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"Kiss, Bow or Shake Hands?"


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Terri Morrison Photo
12/1/06 Interview with Terri Morrison

Getting Through Customs
3510 Goshen Road
Newtown Square, PA 19073
Biography

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Content of Her Book

  1. Kiss, Bow or Shake Hands covers a wealth of information across a spectrum of more than 60 countries; broadly, it covers cultural tips and business practices, including what gestures to make and what gifts to bring.
  2. The book evolved from an online database and utilizes the same logical organization; each country is broken down into the same practical categories such as business protocols and customs that can help you avoid faux pas.
  3. Much of the information can also be accessed by subscription on the web site KissBowOrShakeHands.com; enterprise-side access is the most cost effective way for corporations to subscribe; single practitioners should first try the demo to be sure the web site fits their needs; data about holidays is free.
  4. In early 2007, three regional versions will be published; those will include some countries that are not in the big book.
  5. Calling a person by the wrong last name or making some other blunder can waste all that and sink a deal and waste the time and money spent developing the lead; make sure that you do your research before you meet the prospect.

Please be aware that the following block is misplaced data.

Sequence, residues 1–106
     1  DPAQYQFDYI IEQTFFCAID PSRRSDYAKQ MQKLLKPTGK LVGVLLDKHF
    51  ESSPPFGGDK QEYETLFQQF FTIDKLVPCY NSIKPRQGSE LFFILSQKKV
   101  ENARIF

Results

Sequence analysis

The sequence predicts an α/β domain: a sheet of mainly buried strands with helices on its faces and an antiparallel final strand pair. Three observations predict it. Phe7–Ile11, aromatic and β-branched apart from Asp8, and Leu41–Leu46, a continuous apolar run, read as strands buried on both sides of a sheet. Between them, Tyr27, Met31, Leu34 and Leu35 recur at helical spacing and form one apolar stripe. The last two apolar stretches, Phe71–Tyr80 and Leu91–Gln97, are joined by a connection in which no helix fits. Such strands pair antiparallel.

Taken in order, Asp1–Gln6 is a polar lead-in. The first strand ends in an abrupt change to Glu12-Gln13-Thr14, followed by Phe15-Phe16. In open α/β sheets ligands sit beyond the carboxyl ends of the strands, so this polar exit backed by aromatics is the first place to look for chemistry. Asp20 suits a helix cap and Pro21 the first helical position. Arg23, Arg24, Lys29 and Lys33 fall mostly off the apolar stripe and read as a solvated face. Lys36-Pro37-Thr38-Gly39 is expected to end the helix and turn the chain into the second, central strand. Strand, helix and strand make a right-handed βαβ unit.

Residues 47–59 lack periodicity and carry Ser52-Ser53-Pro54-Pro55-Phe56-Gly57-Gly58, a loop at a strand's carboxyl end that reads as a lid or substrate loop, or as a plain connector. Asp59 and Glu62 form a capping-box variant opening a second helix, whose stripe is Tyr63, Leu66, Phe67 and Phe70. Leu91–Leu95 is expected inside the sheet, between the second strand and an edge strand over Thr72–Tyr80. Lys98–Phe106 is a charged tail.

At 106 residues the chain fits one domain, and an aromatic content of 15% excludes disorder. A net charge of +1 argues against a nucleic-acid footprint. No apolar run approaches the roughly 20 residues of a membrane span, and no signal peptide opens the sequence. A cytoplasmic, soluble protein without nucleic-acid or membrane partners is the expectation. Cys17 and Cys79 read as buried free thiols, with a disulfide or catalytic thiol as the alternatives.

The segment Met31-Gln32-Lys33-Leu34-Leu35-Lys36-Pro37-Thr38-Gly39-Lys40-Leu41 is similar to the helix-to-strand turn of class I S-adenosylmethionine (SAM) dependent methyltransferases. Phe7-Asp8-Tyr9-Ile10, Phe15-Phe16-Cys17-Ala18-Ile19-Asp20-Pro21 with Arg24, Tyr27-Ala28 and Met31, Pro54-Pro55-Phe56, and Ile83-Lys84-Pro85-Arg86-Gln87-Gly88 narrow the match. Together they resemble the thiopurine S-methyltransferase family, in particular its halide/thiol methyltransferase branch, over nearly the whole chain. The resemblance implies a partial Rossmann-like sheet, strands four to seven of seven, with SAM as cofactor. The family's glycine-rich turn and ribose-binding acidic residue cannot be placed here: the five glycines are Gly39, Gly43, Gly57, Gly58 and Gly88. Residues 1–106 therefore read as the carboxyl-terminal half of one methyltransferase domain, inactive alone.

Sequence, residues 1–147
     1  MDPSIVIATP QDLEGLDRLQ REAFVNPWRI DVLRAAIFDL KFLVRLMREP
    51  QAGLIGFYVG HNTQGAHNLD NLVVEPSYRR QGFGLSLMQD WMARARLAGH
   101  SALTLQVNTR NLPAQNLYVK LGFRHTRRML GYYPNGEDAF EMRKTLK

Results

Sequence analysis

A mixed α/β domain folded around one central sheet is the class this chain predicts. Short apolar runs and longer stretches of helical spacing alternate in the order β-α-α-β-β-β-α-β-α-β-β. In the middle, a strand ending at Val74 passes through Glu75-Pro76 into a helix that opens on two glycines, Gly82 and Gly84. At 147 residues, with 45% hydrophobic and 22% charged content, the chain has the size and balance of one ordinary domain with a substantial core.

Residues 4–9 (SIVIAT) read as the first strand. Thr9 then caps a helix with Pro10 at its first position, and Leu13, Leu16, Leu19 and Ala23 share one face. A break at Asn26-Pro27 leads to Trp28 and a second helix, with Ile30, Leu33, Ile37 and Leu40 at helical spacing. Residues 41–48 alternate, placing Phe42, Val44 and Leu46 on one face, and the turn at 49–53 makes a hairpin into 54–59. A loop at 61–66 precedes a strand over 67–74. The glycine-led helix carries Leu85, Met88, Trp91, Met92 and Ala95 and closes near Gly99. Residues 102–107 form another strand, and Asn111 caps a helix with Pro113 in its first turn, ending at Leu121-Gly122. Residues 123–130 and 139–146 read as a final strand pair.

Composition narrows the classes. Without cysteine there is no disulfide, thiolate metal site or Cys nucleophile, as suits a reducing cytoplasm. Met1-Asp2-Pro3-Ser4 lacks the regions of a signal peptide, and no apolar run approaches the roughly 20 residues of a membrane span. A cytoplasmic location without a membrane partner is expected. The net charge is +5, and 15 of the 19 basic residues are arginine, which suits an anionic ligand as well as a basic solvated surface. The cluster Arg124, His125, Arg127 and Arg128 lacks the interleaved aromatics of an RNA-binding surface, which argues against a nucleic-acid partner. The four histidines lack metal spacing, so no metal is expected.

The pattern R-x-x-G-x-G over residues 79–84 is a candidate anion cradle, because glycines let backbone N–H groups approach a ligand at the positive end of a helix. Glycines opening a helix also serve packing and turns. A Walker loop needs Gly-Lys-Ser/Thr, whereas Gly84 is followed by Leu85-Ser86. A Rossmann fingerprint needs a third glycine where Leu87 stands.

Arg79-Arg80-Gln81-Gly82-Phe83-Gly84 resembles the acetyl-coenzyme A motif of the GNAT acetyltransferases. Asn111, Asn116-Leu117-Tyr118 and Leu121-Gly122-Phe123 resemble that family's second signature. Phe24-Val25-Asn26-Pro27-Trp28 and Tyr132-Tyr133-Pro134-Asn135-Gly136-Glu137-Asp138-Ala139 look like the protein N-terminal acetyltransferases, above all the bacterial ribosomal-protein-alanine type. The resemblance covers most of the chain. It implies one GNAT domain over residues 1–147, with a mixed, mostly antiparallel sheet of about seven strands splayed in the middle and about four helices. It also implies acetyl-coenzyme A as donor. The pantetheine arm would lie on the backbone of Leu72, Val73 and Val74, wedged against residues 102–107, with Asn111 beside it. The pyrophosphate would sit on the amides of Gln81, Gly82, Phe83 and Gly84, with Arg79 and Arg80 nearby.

Useful Topics

  1. "Country Background" is the first place many book users go to learn about the history and viewpoint of the people.
  2. "Tips on Doing Business" provides practical highlights, but "Cultural Orientation," based on research, delves more deeply into why people behave the way they do.
  3. "Cognitive Style" would tell you that Finns, for example, look for a lot of statistical evidence, but Brazilians want to like you as a person.
  4. The section on "Business Practices" covers everything from negotiating to business entertaining-knowing about food taboos and predilections is helpful to know before taking clients to dinner.
  5. "Protocol" will tell you if you should shake hands, bow or kiss on the cheek; what gestures are appropriate; what dress is appropriate-the Swiss dislike ostentation, so wearing minimal jewelry would be advisable.
Unintentional Missteps

  1. Hispanic business people often have two last names; in that culture, who one is and whom one is related to are especially important-calling them only by the second last name (their mother's) is insulting.
  2. While in negotiations with Arafat and Netanyahu, former Secretary of State Albright broke a taboo by kissing those leaders of theocratic states-they are not supposed to touch the opposite sex.
  3. At the last inaugural balls, President Bush and his daughter made gestures of the Texas A&M "hook 'em-horns" sign, but in the Netherlands that is a satanic symbol.
More on Cognitive Styles

  1. Everyone is continually bombarded with data, but the process of selecting what data to accept is often influenced by people's culture.
  2. The Japanese for example, look at the entire situation-a negotiation is one long, circular process, not a series of small bites of data; they tend to come in a group and to need consensus.
  3. Cognitive styles may be characterized as open-minded or close-minded; decisions may be fate-driven, feeling-driven or fact-driven; the book's research on cognitive style corroborates what is presented.
  4. Learning ahead of time what gives people anxiety and how people make decisions (quickly or not) can help you in your business practices.